Written and directed by Elon University senior Mia Watkins, the short film, influenced by the circumstances surrounding the deaths of Michael Brown and Eric Garner, tells the story of an African-American woman attempting to find her voice in today’s society.
Elon University senior Mia Watkins, a cinema and television arts major, tries her best to rely on actions more than words.
In the wake of the deaths of Michael Brown and Eric Garner, two black men killed by police officers in 2014, Watkins said she was angry. A native of Ferguson, Missouri – also the hometown of Brown and site of weeks of protests and unrest – the senior described fall 2014 as “upsetting,” and she tried to channel her energy into promoting social justice for the black community.
To bring awareness to campus, Watkins – who works professionally under the name Mia Ginaé – participated in speaking engagements to educate and inform the college community. At the invitation of D’Netria Spear ’15, leader of Elon’s Black Student Union, Watkins also created a video piece for an artistic showcase titled “Let Us Breathe.”
“It was an opportunity for black students on campus to express their feelings, through their artwork, about everything that was happening in our country,” Watkins said.
Her contribution, a short film titled “(re)breathe,” began as a poem “about my personal fears and hopes as an African-American female in today’s society,” the Communications Fellow said. “This piece was more than just something to throw on my reel. It was my way of being a social activist.”
At the February exhibition, the four-minute film premiered and garnered rave reviews. Nearly a year later, the accolades continue and the project has received official selection into four film festivals, including the 2015 Citizen Jane Film Festival. At the four-day event celebrating female filmmakers, Watkins participated in a panel discussing her creative process. She will also be featured in an upcoming article in “CinéWomen,” an international magazine highlighting independent female filmmakers.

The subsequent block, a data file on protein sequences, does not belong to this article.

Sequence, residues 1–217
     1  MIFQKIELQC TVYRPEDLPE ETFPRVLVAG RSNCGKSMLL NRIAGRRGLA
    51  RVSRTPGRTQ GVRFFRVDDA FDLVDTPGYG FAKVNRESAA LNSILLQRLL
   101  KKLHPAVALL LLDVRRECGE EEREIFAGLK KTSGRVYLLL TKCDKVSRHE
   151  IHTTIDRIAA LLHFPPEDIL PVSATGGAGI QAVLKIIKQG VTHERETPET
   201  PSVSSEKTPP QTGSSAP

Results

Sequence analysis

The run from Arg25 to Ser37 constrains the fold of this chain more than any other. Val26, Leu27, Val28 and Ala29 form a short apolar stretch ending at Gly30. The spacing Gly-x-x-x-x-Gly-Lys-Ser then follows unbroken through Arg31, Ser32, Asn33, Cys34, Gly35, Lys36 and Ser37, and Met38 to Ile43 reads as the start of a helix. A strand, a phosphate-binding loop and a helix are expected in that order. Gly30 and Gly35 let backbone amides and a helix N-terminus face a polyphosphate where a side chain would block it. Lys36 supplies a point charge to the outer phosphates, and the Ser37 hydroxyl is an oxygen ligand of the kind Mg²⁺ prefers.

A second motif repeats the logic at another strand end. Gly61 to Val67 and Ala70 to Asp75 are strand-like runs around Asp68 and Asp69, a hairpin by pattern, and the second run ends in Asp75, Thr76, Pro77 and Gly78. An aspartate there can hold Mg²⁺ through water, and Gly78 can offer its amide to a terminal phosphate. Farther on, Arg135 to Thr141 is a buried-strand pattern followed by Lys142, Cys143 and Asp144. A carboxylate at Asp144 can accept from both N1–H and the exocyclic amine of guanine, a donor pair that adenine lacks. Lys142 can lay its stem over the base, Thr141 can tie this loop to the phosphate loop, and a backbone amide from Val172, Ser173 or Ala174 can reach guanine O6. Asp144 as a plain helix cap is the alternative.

Watkins credits Assistant Professor Youssef Osman for encouraging her to submit “(re)breathe” to film festivals. The film’s trailer is available on the School of Communications’ YouTube channel.
The film stars Jordan Frazier ’15, who brings life to Watkins’ poem with an emotional, one-person performance. The main character’s personality is split into three personas: the storyteller, the ancestor who haunts her, and the alternative, free-spirited side of herself – who dons a gas mask – and is suffocating from the world around her.
“In deeper contexts, the film talks about my fears of race anxiety in school, the haunting of not living up to your ancestors, and of trying to be who you are,” Watkins said. “To try and be your authentic self in a world that does not want you to be authentic is a big challenge.”
Shot exclusively in black and white, against a dark backdrop, the film features strong contrast. Yet, the message isn’t meant to be harrowing, but rather optimistic, Watkins explained. “The film has its ups and downs, but overall it is sort of hopeful,” she said. “I’ll keep fighting. I want to keep breathing despite all the things that come my way.”
Watkins applauded Frazier for her powerful onscreen presence, and Ved Kumar ’18 and Andrew Steinitz ’18 for their assistance and expertise as the project’s cinematographers.
“Jordan brought so much emotion to the film,” said Watkins, noting the actress’ expressive eyes and use of hands to elicit feeling. “She looks very angry and distressed. She’s distraught, and she doesn’t know where to turn. She is fighting the best way she can in a world that’s trying to knock her down. But yet, in the end, she also has hope.”
Attending film festivals to support “(re)breathe” has motivated Watkins to continue to use film as a platform to promote social commentary. In fact, attendees at the Trinity Student Film Festival in Connecticut were quite vocal, she recalled. “Although I didn’t win there, the support was really incredible,” she said. “They told me to, ‘Keep doing this. To keep telling the stories that not many people are going to tell.’”
“When this all started, I wanted to use an outlet that was genuine and authentic to me,” Watkins said. “Using my art form as a way to protest was something I wanted to explore. And it’s put me on this path where I am using my art as a social justice tool.”